Dutoit Agri has approached me to create a shallot recipe a few days before our President’s first announcements of social distancing in South Africa, and we’ve decided to continue with this project as it can be a source of inspiration to many of us. Using a few economical pantry staples, you can whip up an easy dough for making flatbreads, even giving the kids a wonderful way to keep their (washed) hands busy. Shallots have a fantastic shelf life of 1-2 months, a long seasonality timeline (January – August), and they are so very versatile to use in an array of recipes. With a sweeter, milder taste than onions, they are also much more popular with kids. From using them raw in dressings and salads, to roasting them for a deeper flavour, they are an all-round winner in my pantry.

As we’re all navigating a strange new reality within lockdown restrictions across the world, home cooking has become the centre of joy and recreation for many households. With limited outings to the shops, we’re all making the most of simple pantry ingredients plus whatever we have stocked in our fridges.

Dutoit Agri has approached me to create a shallot recipe a few days before our President’s first announcements of social distancing in South Africa, and we’ve decided to continue with this project as it can be a source of inspiration to many of us. Using a few economical pantry staples, you can whip up an easy dough for making flatbreads, even giving the kids a wonderful way to keep their (washed) hands busy. Shallots have a fantastic shelf life of 1-2 months, a long seasonality timeline (January – August), and they are so very versatile to use in an array of recipes. With a sweeter, milder taste than onions, they are also much more popular with kids. From using them raw in dressings and salads, to roasting them for a deeper flavour, they are an all-round winner in my pantry.

Shallots are members of the allium family, closely related to onions, garlic, and chives. Their bulbs grow in clusters, similar to cloves of garlic. The biggest distinction between shallots and other onions, besides their milder flavor, is their cellular structure: shallots break down much more easily when cooked, allowing for a softer level of caramelization, or a more subtle touch when creating a foundation in sauces etc.

Here’s my recipe for roasted, caramelized shallots – a fantastic topping for easy homemade flatbreads, but also a great side dish, or an addition on burgers etc.

Before you start, remember to wash your hands (and the hands of your little helpers) properly, and to clean your work surfaces where you’ll be kneading the dough. Get ready, it’s a lot of fun!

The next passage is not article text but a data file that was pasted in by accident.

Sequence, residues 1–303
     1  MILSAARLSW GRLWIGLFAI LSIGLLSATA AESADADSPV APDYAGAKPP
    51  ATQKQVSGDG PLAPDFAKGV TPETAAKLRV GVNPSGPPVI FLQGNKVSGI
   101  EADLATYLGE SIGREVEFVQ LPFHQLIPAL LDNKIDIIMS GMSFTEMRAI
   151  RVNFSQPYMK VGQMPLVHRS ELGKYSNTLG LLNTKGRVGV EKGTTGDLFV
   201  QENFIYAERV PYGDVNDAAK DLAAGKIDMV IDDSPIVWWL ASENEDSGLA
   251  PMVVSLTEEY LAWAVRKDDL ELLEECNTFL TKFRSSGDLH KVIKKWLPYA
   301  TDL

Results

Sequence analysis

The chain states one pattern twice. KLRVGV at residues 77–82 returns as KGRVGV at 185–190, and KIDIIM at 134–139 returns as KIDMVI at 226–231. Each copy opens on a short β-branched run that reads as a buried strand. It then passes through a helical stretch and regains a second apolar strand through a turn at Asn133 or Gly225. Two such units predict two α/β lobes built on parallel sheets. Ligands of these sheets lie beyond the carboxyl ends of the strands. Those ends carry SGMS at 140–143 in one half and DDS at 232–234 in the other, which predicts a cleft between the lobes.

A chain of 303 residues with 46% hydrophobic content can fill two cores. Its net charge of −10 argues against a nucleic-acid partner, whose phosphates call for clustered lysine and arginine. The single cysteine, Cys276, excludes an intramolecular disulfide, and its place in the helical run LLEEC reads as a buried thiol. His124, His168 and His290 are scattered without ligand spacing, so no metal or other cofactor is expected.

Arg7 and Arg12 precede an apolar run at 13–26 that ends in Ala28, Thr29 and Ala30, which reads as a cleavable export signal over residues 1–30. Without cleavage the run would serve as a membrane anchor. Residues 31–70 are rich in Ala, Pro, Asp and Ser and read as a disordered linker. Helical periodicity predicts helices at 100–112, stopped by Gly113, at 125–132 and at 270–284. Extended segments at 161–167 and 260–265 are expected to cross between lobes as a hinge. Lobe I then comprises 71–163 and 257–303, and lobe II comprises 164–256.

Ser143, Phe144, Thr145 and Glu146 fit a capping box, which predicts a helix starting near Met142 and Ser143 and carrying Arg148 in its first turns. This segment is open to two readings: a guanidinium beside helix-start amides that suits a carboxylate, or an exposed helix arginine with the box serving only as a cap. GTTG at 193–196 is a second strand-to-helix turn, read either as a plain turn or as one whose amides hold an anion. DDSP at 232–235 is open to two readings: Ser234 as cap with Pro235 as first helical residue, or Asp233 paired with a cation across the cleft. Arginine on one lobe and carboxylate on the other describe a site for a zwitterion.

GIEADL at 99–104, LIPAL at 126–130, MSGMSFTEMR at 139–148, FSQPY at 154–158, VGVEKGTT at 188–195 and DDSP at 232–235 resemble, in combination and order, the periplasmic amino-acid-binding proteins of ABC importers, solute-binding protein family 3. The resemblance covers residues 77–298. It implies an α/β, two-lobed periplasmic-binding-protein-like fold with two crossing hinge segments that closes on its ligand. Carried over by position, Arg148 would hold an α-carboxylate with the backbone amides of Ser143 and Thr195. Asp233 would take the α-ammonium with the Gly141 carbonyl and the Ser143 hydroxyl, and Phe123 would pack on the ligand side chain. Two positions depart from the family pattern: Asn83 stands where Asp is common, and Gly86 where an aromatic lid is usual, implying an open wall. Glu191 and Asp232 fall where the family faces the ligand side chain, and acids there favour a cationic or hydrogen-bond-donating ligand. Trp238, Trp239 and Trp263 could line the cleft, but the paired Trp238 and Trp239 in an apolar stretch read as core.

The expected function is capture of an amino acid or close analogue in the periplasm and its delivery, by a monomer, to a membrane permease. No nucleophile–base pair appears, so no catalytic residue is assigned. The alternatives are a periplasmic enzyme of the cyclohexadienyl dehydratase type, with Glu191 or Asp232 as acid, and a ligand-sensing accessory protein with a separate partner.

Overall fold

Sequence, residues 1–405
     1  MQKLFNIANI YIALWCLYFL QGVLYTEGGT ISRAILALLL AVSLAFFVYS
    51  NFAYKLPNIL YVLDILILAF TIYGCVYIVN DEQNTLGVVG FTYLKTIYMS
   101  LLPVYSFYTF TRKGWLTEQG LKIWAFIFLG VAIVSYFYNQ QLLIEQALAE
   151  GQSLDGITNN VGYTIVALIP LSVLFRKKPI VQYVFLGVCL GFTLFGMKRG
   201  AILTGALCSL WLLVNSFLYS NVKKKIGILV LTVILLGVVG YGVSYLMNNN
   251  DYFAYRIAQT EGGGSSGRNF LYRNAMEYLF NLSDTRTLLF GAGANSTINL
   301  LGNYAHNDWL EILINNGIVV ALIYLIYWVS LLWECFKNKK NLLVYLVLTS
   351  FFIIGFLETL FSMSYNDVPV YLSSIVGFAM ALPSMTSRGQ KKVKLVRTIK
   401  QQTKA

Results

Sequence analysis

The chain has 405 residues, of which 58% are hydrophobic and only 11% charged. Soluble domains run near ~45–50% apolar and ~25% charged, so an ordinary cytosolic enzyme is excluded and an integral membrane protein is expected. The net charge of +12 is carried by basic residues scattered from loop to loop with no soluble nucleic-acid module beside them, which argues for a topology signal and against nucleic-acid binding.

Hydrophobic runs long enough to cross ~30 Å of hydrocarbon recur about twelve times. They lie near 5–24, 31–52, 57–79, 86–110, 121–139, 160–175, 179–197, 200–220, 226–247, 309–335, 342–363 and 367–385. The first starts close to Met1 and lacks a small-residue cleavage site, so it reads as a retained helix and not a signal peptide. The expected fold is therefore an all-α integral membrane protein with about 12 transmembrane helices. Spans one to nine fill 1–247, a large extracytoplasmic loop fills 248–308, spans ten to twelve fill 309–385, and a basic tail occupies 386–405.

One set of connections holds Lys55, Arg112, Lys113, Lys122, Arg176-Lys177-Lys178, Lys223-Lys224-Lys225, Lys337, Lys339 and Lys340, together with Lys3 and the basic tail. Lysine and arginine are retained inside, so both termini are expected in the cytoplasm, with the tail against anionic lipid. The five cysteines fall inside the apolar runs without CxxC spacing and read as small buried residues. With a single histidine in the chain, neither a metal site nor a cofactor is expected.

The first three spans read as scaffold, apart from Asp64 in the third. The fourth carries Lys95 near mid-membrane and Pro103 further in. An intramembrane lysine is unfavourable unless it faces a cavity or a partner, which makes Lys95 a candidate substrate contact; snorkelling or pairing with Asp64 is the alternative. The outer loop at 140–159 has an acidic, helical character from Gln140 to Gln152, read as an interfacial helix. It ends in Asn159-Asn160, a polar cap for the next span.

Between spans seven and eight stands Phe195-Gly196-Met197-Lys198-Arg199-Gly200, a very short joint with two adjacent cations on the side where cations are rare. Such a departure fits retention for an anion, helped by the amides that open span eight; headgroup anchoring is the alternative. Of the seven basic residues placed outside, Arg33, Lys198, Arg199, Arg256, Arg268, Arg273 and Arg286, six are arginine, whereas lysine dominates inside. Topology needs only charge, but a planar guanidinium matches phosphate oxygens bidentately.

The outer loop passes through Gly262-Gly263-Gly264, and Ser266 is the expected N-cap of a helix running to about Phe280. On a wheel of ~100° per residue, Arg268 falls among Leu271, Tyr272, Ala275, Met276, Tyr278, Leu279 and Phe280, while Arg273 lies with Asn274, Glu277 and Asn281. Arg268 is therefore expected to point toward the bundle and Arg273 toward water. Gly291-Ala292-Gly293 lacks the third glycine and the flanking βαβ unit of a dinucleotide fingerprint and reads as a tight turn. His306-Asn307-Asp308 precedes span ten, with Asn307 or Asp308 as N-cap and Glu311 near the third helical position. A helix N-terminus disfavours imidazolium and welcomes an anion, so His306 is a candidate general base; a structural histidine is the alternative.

For the roasted shallots:

  • 1 kg shallots, peeled and quartered lengthways (look out for Dutoit Agri shallots) 
  • 45 ml olive oil
  • 15 ml red wine vinegar (or sherry vinegar)
  • 30 ml honey, slightly warmed (pop it in the microwave for 15 seconds)
  • salt, to taste

Preheat your oven to 220 C. Arrange the shallot quarters in a roasting tray, then drizzle all over with the olive oil, vinegar and honey. Season with salt, then roast for 20 minutes. Remove from oven, stir, then return for 10 more minutes. Remove from oven and set aside.

For the flatbreads: (serves 4)

  • 2 cups stone ground white bread flour (or use regular cake flour if it’s all you have)
  • 10 ml (2 teaspoons) instant yeast
  • 5 ml (1 teaspoon) sugar
  • 2,5 ml (1/2 teaspoon) salt
  • 180 ml lukewarm water
  • 15 ml olive oil

Place the flour, yeast, sugar and salt in a mixing bowl and stir. Add the water and oil and stir until it becomes sticky. Turn out on a clean surface, then knead to a soft, pliable dough. This is a great activity to get the kids (or a co-isolation housemate) involved! Place the dough in a lightly oiled bowl and cover to rise in a warm place for 30-40 minutes.

In the meantime, heat your oven to 230 C. Divide the puffy dough into 4. On a floured surface, roll out each of the four pieces into a freeform shape – basically oval works great. Transfer to a baking tray lined with non-stick baking paper. Top with your favourite toppings (see below), then bake at 230 C for 8-10 minutes or until golden. Remove from the oven, transfer to a wooden board or a plate, slice and serve immediately.

Possible toppings for assembling your flatbreads:

  • pommodoro (tomato) sauce, grated mozzarella and roasted shallots – great for kids
  • olive oil, feta, roasted shallots, thyme (fresh or dried), black pepper (add a drizzle of balsamic vinegar after baking)
  • grated cheddar, fried bacon bits, roasted shallots – great for kids
  • anchovies, capers, garlic, roasted shallots (top with fresh rocket leaves after baking)